New Friends and Old

This week I have been sick, for the first time since the stroke (thank you, God!). It has been kind of the same as being sick with babies, still having to do a lot for other people. Had some good help from my adult children, but knew I was “well” this morning when the crusty dishes all over the cabinet wouldn’t be ignored by me any more. As a result, I am writing this “on the fly” and it will probably seem as disjointed as I am at the moment.
My friends this week are not the human kind (and lest those of you who know me are beginning to worry if I have finally cracked, they are not animals either). Well, I guess I should say they are not humans I know personally. I feel like I know them through their written words, but I can’t really call them friends. Throughout this journey I have been encouraged by many different books that have been given to me, recommended to me, or have found me in less obvious ways. Here is a quick review of some of them:
1000 Gifts by Ann Voskamp. This book was initially given to me by my dear sister-in-law who first encouraged me by her example to find things in each day to be thankful for. She sent it with a note that said, “You probably aren’t ready for this yet…” and she was right, I wasn’t. I read it, agreed with it, but could not bring myself to apply it with much success. Then a month or two later my oldest sister sent it to me. I took this as kind of a nudge from the Lord that I needed to quit feeling sorry for myself and get to the business of being thankful. The book is a beautifully written account of one woman’s journey from a life destroyed to one redeemed through the learning of gratitude for all the good gifts given to us by our Father in heaven.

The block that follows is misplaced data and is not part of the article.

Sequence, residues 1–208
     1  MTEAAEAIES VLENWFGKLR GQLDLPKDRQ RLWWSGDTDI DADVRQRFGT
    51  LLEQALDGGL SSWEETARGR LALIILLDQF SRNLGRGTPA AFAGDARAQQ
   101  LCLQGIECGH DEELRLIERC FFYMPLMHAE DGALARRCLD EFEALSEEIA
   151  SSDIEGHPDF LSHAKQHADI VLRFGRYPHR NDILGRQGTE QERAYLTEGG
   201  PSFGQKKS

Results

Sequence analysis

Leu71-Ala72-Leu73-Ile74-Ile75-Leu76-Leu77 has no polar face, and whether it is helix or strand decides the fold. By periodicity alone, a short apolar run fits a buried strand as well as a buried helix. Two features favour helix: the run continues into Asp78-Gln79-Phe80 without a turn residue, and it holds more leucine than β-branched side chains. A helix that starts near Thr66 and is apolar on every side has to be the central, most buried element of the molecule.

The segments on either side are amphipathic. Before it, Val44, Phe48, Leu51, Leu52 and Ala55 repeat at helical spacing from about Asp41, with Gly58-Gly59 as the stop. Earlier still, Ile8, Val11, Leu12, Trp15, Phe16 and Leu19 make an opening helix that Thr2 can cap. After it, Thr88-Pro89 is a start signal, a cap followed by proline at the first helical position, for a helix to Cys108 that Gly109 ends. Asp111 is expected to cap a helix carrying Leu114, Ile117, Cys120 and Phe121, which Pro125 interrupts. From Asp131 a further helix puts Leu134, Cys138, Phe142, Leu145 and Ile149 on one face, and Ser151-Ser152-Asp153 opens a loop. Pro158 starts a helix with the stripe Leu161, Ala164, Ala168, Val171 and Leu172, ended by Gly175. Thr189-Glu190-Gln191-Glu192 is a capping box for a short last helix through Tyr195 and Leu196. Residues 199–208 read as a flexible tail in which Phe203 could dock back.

A Sacred Sorrow by Michael Card. This is a book about the “lost language of lament”. It points to several scriptures that deal with an open lamenting before the Lord, and takes the shame out of grief. I have to be honest and admit to not finishing this one, yet. But it has given me “permission” to lay my heart out openly before the Lord and express my grief to Him in the example given to us by Job, David, Jeremiah and Jesus.
The Grand Weaver: How God Shapes Us Through the Events of Our Lives by Ravi Zacharias. This is a beautiful reminder of the sovereignty of God in the midst of a broken world. Zacharias starts with a description of how the material for saris is made in India and compares that to the way God weaves our lives. Several of his examples come from his experiences in India. This appealed to me especially since my East African upbringing was laced with a fair amount of Indian influence.
A Place of Healing by Joni Eareckson Tada. I have always admired Joni since first hearing about her years ago after the diving accident that left her a quadriplegic. I am blessed by her ability to embrace life and continue to cheerfully serve God when from a worldly perspective she certainly has a “right” to curse God and die as Job’s wife suggested for him. She is such a juxtaposition to the “Million Dollar Baby” perspective on life that our culture is full of. This particular book is written as she faces new pain and difficulty. It is an honest look at the question, “haven’t I suffered enough already?”
The Vow by Krickitt and Kim Carpenter. This is the book on which the recent movie by the same name was based – might I add very loosely based. It isn’t really all that well written, in my humble opinion, but it is a book filled with the testimony of God working in the lives of these two individuals. I have to say that I am glad I saw the movie first, because if I had read the book first I probably would not have been able to sit through the movie. Much of what is good about this story was edited by Hollywood, and things were added in that painted family as being something they most decidedly were not. But this is about the book, not the movie. I was encouraged by the determination of a spouse to be committed to his vows even when the person wasn’t really even the same person any more.